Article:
High Fructose Corn Syrup is a sugar replacement that is cheaper to use in foods than actual table sugar (sucrose). The name refers to corn syrups which have undergone enzymatic processing in order to increase their fructose content.

Recently (September 2008) the Corn Refiners Association has been running adverts trying to improve the image of high fructose corn syrup.


High fructose corn syrup tastes, according to most people, worse than regular sucrose. However, this is probably a placebo effect, as there is only a 5% +- difference in fructose/glucose composition between HFCS55 and cane sugar.

Bad or good?

Andrew Weil says:
HCFS may also promote weight gain because it behaves in the body more like fat than glucose, the blood sugar derived from other sweet foods. Some evidence suggests that fructose may disturb liver function, and unlike glucose, doesn't appear to trigger the process by which the body tells us it is full. What's more, in men (not in women) HFCS appears to elevate triglycerides, blood fats that increase the risk of heart disease.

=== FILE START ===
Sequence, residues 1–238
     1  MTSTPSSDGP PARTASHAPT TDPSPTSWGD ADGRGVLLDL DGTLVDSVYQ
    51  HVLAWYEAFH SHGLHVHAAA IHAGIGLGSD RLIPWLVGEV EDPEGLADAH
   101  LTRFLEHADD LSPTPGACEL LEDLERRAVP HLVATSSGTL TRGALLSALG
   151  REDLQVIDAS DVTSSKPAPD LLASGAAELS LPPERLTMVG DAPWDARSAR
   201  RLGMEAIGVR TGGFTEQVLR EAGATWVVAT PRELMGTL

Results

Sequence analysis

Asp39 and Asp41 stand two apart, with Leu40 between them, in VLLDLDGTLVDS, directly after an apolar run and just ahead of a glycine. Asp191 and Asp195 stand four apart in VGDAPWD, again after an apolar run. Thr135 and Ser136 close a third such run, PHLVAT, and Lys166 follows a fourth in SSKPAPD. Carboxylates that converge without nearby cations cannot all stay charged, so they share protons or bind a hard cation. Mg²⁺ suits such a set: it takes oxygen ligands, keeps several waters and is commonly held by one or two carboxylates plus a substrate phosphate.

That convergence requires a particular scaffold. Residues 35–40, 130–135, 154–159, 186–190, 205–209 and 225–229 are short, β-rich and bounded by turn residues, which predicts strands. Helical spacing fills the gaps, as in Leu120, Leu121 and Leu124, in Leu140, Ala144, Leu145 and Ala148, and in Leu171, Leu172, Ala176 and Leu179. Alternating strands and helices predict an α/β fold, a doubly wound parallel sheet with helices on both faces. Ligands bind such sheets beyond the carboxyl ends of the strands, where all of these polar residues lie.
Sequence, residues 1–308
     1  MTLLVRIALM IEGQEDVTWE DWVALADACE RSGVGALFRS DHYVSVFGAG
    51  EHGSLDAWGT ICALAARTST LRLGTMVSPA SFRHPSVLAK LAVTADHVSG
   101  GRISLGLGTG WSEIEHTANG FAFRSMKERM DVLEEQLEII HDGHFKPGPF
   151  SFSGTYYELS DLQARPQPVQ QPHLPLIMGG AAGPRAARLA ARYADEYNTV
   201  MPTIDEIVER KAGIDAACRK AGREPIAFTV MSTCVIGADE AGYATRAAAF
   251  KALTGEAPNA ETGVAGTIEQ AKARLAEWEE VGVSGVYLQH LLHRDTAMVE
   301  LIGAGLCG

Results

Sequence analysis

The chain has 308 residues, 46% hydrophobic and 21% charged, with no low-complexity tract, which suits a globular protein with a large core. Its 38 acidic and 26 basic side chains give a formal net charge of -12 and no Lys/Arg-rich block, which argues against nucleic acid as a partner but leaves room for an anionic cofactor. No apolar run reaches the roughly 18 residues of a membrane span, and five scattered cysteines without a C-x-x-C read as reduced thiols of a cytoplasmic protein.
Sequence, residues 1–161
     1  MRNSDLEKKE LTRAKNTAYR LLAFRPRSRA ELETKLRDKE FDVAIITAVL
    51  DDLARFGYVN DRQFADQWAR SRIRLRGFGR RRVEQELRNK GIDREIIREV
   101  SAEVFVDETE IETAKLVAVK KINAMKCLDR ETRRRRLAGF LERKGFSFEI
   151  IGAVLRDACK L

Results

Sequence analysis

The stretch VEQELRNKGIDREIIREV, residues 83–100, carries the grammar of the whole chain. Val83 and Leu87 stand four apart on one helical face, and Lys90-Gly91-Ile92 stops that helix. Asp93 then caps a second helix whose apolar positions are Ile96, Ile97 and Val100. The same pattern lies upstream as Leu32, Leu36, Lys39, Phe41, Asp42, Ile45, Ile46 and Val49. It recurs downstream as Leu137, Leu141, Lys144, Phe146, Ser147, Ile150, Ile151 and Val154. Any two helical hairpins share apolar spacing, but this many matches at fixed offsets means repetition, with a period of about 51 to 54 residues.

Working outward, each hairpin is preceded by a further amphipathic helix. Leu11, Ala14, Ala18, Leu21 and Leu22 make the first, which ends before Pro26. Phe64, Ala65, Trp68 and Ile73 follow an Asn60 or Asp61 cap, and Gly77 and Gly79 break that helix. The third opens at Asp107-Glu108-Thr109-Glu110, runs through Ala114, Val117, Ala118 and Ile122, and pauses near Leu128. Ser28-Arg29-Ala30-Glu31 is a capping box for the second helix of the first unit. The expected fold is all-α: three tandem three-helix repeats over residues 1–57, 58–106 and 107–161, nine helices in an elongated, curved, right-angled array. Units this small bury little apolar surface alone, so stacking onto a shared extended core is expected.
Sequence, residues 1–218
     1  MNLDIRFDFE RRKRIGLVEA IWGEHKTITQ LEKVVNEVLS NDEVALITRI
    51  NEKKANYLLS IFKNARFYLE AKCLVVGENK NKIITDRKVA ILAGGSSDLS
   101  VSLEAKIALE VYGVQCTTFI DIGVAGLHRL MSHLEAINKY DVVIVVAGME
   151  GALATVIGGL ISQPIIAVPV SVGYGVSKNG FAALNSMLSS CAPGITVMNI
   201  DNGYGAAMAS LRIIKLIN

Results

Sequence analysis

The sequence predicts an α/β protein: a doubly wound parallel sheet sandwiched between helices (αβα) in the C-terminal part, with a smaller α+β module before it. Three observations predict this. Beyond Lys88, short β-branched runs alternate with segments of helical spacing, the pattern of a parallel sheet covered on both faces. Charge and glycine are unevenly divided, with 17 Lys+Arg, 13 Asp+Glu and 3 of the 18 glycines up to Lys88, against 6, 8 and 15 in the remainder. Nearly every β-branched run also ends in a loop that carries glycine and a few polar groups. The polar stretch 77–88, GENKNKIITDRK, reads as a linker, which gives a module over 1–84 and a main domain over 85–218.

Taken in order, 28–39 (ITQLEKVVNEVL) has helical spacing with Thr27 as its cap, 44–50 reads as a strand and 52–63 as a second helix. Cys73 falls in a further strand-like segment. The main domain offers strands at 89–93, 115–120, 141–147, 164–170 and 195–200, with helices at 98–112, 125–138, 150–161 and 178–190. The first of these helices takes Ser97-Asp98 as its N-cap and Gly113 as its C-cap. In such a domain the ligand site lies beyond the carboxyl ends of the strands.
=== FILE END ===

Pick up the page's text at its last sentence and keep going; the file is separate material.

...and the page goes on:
And then there's the environmental impact, a serious concern. Journalist and agriculture industry critic Michael Pollen points out that growing all the corn needed for HFCS depletes soil nutrients, which increases the need for pesticides and fertilizer. In March 2008, the Washington Post quoted Pollan as saying that a dead zone in the Gulf of Mexico where "virtually nothing will live" has been starved of oxygen by the fertilizer runoff coming down the Mississippi from the corn belt. Pollan also notes that federal corn subsidies keep prices of products containing HFCS low, and that - plus the sweetness - feeds the public demand for these foods.

Giving up products containing HFCS will benefit your health, help control your weight, and if enough people get the message, protect the planet as well.

Here's another article about it:

The Verdict

High fructose corn syrup is probably no worse for you than regular sugar. However, it's best to simply avoid most types of sugar altogether.